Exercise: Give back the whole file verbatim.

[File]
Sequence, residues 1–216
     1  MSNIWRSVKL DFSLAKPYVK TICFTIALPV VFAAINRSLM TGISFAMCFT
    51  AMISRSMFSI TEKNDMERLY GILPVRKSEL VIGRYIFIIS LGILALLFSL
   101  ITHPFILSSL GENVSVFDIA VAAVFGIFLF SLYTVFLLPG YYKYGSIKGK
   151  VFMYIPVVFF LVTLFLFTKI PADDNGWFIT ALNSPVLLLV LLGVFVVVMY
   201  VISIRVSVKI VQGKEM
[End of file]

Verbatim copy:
Sequence, residues 1–216
     1  MSNIWRSVKL DFSLAKPYVK TICFTIALPV VFAAINRSLM TGISFAMCFT
    51  AMISRSMFSI TEKNDMERLY GILPVRKSEL VIGRYIFIIS LGILALLFSL
   101  ITHPFILSSL GENVSVFDIA VAAVFGIFLF SLYTVFLLPG YYKYGSIKGK
   151  VFMYIPVVFF LVTLFLFTKI PADDNGWFIT ALNSPVLLLV LLGVFVVVMY
   201  VISIRVSVKI VQGKEM